LARGO – Alyiah Ellsworth has a determination to never give up that even cancer could not defeat. When blood started running down the back of her throat during a presentation her freshman year, cancer did not even cross her mind. Despite vomiting blood, Ellsworth thought it was allergies, or another symptom of the sinusitis she […]
LARGO – Alyiah Ellsworth has a determination to never give up that even cancer could not defeat.
When blood started running down the back of her throat during a presentation her freshman year, cancer did not even cross her mind. Despite vomiting blood, Ellsworth thought it was allergies, or another symptom of the sinusitis she had been diagnosed with several times over the past month.
But when she got to her Academy of Health Sciences counselor, Janiene Reynolds, Reynolds warned her it was not allergies and immediately called Ellsworth’s mother.
“I went to different people and everybody kept saying it was an ear infection,” Ellsworth said. “I was admitted that night to the hospital and that’s when they found out. It was kind of surreal.”
Two days later Ellsworth was diagnosed with stage one nasopharyngeal carcinoma, a nose and throat cancer. The diagnosis sent Ellsworth, her mother Terri Powell and their family into a whirlwind as they dealt with not only an immediate response to cancer, but family complications as well.
“From the time she was originally diagnosed with stage one, she declined to stage three in that short period of time,” Powell said, explaining that in just a month Ellsworth’s cancer progressed due to not getting the proper care from her original treatment center.
Ellsworth missed almost the entirety of her freshman year at the Academy of Health Sciences at Prince George’s Community College due to the overwhelming side effects of chemotherapy, but she was finally able to return for her sophomore year after going into remission.
But returning to school was not immediate as, upon her recovery, Ellsworth and her mother learned she would likely have to repeat the ninth grade. For both women, that route was unacceptable, and after surviving cancer Ellsworth felt she was being punished. She wanted to continue on with her class.
“They were going to have me start over, but I really didn’t want to do that. That would be really embarrassing for me,” she said. “I’ve been ahead all my life.”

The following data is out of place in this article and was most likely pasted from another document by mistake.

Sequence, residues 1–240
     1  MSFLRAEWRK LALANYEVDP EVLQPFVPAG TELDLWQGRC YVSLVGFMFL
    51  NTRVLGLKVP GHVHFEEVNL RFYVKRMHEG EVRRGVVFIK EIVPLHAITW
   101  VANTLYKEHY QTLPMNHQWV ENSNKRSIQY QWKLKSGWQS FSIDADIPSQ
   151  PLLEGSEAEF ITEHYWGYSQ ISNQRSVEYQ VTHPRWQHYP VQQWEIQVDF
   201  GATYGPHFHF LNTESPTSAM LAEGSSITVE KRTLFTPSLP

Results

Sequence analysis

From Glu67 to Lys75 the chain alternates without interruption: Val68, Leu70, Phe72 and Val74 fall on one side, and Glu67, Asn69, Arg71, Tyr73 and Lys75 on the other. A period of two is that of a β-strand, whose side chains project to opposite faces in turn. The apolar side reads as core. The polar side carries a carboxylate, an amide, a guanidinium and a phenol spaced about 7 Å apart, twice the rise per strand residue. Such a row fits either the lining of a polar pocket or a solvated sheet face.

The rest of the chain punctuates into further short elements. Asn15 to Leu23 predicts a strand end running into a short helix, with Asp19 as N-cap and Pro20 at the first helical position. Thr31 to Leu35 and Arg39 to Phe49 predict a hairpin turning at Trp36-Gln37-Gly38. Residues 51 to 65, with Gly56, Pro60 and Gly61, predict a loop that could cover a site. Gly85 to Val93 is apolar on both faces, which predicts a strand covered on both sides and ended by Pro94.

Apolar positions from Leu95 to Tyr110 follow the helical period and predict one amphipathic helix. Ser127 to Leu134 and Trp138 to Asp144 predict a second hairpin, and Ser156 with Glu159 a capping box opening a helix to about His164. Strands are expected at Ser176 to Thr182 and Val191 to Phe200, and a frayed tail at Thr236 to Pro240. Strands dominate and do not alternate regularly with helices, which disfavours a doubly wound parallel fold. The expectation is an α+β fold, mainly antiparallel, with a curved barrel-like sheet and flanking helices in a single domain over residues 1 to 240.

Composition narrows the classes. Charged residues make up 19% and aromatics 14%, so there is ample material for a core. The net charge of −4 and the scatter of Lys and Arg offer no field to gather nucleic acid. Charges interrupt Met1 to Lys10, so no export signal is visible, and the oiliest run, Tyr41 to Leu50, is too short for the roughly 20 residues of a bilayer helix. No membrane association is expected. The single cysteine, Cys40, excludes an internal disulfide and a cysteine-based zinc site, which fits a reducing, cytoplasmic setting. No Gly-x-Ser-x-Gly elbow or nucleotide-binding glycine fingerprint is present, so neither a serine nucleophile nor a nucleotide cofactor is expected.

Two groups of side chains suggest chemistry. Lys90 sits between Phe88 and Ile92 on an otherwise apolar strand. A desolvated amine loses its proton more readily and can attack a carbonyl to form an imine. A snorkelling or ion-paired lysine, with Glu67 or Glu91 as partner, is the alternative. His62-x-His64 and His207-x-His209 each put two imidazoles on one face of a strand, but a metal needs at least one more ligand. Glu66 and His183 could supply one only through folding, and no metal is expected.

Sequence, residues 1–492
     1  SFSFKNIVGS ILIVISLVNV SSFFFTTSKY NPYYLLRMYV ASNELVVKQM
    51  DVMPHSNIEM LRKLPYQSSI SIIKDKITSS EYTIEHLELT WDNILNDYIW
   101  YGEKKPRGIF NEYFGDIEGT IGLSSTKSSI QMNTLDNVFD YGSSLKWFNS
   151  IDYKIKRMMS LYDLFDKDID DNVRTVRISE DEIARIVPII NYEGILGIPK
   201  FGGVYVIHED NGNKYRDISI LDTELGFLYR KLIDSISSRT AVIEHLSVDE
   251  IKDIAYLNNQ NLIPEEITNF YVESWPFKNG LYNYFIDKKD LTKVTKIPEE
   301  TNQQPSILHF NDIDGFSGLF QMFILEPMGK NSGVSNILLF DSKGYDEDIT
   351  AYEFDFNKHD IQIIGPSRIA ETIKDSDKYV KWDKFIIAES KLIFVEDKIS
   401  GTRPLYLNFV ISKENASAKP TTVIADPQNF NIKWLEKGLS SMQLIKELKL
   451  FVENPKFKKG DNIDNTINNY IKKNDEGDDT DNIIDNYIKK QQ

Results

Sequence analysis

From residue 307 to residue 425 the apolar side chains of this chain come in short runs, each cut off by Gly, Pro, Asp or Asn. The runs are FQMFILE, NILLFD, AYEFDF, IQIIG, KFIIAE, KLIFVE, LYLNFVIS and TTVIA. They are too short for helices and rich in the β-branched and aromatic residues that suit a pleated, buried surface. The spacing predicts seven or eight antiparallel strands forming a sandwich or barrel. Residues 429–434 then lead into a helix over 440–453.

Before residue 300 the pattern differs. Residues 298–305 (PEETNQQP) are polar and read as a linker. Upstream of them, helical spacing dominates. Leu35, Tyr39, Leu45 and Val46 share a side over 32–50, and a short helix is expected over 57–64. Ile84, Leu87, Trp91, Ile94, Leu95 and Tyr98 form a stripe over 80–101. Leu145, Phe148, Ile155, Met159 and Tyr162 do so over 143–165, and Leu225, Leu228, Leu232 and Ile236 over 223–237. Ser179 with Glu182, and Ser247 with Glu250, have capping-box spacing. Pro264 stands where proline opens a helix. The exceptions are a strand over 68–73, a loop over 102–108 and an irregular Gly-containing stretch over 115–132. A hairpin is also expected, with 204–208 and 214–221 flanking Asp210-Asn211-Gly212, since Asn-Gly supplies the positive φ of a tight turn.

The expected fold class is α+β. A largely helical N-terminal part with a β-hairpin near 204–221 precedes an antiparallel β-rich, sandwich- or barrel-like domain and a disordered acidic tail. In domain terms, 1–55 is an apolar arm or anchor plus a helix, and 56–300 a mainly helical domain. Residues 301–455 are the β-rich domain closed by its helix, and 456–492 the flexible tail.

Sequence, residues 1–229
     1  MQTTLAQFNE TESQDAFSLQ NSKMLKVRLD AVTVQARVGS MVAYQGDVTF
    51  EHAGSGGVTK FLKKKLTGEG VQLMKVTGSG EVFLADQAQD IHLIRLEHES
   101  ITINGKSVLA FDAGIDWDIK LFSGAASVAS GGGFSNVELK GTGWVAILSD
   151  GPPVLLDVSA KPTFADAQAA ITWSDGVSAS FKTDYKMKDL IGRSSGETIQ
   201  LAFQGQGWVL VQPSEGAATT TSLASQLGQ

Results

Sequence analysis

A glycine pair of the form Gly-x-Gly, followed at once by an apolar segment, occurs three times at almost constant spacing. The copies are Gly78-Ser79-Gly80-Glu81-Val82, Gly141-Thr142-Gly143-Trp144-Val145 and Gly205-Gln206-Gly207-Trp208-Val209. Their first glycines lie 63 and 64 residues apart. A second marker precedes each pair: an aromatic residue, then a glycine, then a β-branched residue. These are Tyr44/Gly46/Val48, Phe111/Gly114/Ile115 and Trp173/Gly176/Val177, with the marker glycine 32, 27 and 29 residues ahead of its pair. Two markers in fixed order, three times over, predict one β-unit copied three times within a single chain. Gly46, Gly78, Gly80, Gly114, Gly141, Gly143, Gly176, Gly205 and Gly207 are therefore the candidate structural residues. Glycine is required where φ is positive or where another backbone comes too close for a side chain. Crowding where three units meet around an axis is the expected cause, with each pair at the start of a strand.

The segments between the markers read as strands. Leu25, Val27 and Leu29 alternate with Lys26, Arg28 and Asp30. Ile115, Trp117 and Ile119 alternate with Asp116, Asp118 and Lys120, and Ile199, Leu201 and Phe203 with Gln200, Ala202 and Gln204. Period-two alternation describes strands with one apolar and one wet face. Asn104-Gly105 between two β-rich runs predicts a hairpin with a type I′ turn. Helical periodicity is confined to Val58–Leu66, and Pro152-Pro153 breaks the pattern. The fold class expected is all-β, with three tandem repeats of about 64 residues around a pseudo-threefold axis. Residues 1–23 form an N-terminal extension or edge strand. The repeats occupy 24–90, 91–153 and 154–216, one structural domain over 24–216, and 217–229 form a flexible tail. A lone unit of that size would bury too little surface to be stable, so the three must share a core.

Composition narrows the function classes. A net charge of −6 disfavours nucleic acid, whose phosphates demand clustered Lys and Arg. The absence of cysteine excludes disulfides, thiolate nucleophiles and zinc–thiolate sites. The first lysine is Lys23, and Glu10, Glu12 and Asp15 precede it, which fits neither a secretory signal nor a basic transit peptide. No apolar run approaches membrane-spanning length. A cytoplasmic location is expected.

In fact, Ellsworth is younger than the rest of her class after starting school a year early. She was always in honors courses and said she could not accept being held back.
Together, Powell, Reynolds and the school’s principal were able to hatch a plan to allow Ellsworth to make up her classes while continuing on to her sophomore year. She had to take extra courses during the year in tandem with her already accelerated course load, as well as additional courses during the summer. That continued for both her 10th and 11th grade years.
“As her counselor, I was beginning to feel overwhelmed for her from afar, so I can’t even imagine how she as a student was able to manage everything, academically, emotionally and socially,” Reynolds said. “I was just amazed with Alyiah.”
She also held a summer job, was the treasurer of Phi Theta Kappa, was a member of the National Society of Collegiate Scholars, a health ambassador, a peer health advocate and interned at the Smithsonian. On top of that, in her first semester back, she obtained a 4.1 grade point average.
But it was not easy.
“(It was) very hard,” she said. “It was hectic for me, but it was worth it to be graduating on time with the rest of my class.”
Ellsworth’s graduation ceremonies took place on May 25. She graduated from the Academy of Health Sciences with not only an above 3.5 grade point average and a high school diploma, but an associate’s degree from the county community college.
She will attend Howard University in the fall, where she plans to study international business.
Her mentors feel her determination will serve her well there.
“Even when she was diagnosed with cancer, I was positive that she was going to survive it and get through it,” Powell said. “Proud doesn’t do justice to how I feel about Alyiah and her accomplishments. I’m amazed. She’s a great kid.”